London Marathon chief executive Nick Bitel has criticised world governing body the IAAF and said race organisers are "very concerned" by claims in the Sunday Times that seven winners in a 12-year period recorded suspicious blood scores.
The newspaper has published fresh allegations following its analysis of drugs test data from 2001 to 2012.
It said the winners of 34 major marathons around the world - one in four - during the period should have faced censure or investigation because of their test results, with those athletes collecting more than £3 million in prize money.
The Sunday Times also published anti-doping blood test data from athletes including double Olympic champion Mo Farah who said he will do what it takes to prove he is a clean athlete.
He is one of eight British competitors defying athletics authorities by agreeing for blood test data - which show results fall within the normal expected range - to be made public by the newspaper.
London was the worst affected of the marathons, with seven wins, six second places and seven third places out of 24 men's and women's races allegedly involving suspicious blood scores.
"We believe there are people in our sport who are cheating and everyone has a part to play to protect those who are not," Mr Bitel said in a statement.
"We continue to be at the forefront of anti-doping measures for marathon runners as we are determined to make marathon running a safe haven from doping but we cannot do it all on our own and rely heavily on the IAAF.
"We are therefore very concerned by the allegations made in the Sunday Times today and we will be discussing the implications of the allegations with the IAAF."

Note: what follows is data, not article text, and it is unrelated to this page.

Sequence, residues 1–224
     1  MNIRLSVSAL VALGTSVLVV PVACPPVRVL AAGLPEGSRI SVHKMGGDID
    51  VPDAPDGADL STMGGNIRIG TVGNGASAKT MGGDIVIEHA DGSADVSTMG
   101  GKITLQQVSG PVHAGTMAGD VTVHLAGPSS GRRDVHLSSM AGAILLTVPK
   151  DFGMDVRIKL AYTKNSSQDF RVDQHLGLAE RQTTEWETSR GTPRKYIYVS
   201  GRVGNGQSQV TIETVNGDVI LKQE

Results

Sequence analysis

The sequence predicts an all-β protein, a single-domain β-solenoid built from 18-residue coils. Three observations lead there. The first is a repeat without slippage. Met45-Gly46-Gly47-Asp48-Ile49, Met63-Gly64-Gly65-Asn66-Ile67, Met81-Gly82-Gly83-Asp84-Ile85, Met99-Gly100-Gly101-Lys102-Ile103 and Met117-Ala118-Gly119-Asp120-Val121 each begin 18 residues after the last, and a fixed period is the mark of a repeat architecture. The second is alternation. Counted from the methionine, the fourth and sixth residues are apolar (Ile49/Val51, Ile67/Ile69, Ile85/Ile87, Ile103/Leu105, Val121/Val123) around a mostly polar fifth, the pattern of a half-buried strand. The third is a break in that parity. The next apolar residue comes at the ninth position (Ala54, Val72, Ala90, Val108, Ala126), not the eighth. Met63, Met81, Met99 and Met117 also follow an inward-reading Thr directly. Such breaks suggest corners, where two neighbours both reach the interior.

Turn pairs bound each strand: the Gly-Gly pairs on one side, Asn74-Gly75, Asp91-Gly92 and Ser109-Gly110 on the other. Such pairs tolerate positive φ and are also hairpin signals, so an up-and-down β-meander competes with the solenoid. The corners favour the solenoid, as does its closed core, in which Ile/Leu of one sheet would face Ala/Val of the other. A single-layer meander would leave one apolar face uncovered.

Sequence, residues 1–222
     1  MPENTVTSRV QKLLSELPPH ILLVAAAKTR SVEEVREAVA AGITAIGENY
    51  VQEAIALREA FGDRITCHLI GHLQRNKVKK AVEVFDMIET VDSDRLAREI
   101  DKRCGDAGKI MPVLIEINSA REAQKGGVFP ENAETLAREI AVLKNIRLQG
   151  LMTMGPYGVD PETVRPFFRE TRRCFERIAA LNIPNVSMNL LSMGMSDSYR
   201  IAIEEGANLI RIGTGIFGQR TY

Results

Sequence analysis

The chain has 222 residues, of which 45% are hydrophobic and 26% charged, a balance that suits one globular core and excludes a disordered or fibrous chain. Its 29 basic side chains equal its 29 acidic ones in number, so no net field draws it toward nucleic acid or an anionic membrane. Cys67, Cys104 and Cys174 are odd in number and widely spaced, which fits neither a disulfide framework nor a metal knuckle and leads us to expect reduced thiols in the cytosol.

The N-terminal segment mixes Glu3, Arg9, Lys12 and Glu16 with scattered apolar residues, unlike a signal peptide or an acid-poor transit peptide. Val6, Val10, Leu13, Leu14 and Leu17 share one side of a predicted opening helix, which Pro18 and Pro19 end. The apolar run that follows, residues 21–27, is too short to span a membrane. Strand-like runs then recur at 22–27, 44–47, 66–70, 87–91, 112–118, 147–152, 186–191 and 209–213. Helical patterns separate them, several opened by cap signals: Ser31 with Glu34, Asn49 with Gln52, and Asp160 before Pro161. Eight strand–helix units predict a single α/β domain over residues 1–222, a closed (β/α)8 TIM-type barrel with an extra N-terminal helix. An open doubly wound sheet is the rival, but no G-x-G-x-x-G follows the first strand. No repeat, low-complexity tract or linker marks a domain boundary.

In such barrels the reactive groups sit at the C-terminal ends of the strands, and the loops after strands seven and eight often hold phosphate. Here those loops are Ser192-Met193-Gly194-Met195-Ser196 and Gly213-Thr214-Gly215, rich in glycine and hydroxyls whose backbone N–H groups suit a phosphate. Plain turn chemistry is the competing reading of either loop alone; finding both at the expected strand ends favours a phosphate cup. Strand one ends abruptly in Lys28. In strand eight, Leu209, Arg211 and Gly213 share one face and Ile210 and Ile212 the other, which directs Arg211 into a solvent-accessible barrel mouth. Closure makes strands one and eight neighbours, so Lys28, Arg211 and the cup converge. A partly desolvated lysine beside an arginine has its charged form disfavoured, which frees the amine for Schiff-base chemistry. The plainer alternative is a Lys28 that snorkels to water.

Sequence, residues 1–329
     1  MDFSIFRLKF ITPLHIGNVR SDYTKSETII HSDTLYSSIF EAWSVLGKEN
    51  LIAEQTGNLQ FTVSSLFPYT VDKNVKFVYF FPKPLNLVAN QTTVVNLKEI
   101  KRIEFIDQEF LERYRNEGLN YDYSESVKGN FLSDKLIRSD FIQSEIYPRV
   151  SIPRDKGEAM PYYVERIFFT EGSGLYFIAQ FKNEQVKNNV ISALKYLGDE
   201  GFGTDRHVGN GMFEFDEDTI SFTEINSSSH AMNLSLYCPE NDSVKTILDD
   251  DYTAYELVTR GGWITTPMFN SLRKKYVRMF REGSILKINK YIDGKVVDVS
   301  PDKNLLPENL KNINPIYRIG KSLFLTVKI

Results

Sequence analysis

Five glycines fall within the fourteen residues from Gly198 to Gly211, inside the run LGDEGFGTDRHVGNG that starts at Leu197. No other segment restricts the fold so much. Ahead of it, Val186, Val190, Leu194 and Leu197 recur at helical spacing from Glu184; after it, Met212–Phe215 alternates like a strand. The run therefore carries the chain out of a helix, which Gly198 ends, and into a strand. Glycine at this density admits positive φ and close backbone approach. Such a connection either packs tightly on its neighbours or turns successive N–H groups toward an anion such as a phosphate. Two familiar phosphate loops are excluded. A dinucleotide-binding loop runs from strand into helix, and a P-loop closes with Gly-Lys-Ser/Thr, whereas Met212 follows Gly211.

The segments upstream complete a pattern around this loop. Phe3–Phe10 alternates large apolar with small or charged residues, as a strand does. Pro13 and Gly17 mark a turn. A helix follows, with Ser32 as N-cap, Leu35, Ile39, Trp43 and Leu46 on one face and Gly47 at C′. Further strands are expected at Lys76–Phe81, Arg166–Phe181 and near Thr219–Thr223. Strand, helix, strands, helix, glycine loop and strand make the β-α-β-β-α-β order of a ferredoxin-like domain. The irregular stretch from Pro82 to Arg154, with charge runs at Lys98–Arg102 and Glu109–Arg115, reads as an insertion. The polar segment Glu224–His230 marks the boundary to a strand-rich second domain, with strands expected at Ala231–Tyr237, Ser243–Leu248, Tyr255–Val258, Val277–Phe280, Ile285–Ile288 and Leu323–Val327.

Appearing on BBC Radio Five Live's Sportsweek programme, Mr Bitel criticised the IAAF, saying that although the Marathon pays for its own drugs testing, it does not administer the programme and does not get to see the results, meaning organisers had been unaware of the suspicious blood data.
"We are disappointed," he said. "We're doing more than anybody else to fight doping in our sport. We were the first people to call for blood testing and in fact we're still probably the only event in the world that blood tests all our athletes.
"What this story is really about is the IAAF's failure to take effective action. Those athletes that have been caught... have only been caught because of the tests at the London Marathon. The IAAF needs to do more to stop people from starting (a race) that have blood values that are out of normal range.
"What is concerning is that we're never told these results even though we're paying tens of thousands of pounds to get these athletes tested."
Not all of the tests studied by the Sunday Times were taken at the time of the marathons in question.
According to the newspaper, the athletes involved collected more than £3 million in prize money for their results.
London Marathon organisers have vowed to take legal action to recover prize money awarded to Russia's Liliya Shobukhova, whose competitive results as of October 9, 2009 have been disqualified by the IAAF.
Shobukhova finished first and second, respectively, in the 2010 and 2011 London Marathons, and had been the second fastest female marathon runner of all time behind Paula Radcliffe before receiving a two-year doping ban from Russia's athletics federation in 2014.